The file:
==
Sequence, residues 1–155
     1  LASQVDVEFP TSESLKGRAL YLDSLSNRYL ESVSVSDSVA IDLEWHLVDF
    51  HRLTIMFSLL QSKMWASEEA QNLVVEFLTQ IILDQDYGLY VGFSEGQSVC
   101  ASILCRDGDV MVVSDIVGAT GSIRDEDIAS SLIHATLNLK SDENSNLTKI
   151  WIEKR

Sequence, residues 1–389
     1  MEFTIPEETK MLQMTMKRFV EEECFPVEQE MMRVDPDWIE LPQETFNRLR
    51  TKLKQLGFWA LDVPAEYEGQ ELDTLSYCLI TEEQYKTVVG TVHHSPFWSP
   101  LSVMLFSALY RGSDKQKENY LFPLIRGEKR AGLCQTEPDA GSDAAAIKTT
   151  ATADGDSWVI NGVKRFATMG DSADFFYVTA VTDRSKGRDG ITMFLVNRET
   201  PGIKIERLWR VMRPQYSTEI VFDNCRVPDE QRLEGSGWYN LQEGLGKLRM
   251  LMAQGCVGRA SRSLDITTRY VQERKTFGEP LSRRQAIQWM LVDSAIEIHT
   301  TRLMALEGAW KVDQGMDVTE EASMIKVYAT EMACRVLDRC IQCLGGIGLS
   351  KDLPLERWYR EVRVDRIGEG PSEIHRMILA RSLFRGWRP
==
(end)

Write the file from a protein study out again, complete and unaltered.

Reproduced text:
Sequence, residues 1–155
     1  LASQVDVEFP TSESLKGRAL YLDSLSNRYL ESVSVSDSVA IDLEWHLVDF
    51  HRLTIMFSLL QSKMWASEEA QNLVVEFLTQ IILDQDYGLY VGFSEGQSVC
   101  ASILCRDGDV MVVSDIVGAT GSIRDEDIAS SLIHATLNLK SDENSNLTKI
   151  WIEKR

Sequence, residues 1–389
     1  MEFTIPEETK MLQMTMKRFV EEECFPVEQE MMRVDPDWIE LPQETFNRLR
    51  TKLKQLGFWA LDVPAEYEGQ ELDTLSYCLI TEEQYKTVVG TVHHSPFWSP
   101  LSVMLFSALY RGSDKQKENY LFPLIRGEKR AGLCQTEPDA GSDAAAIKTT
   151  ATADGDSWVI NGVKRFATMG DSADFFYVTA VTDRSKGRDG ITMFLVNRET
   201  PGIKIERLWR VMRPQYSTEI VFDNCRVPDE QRLEGSGWYN LQEGLGKLRM
   251  LMAQGCVGRA SRSLDITTRY VQERKTFGEP LSRRQAIQWM LVDSAIEIHT
   301  TRLMALEGAW KVDQGMDVTE EASMIKVYAT EMACRVLDRC IQCLGGIGLS
   351  KDLPLERWYR EVRVDRIGEG PSEIHRMILA RSLFRGWRP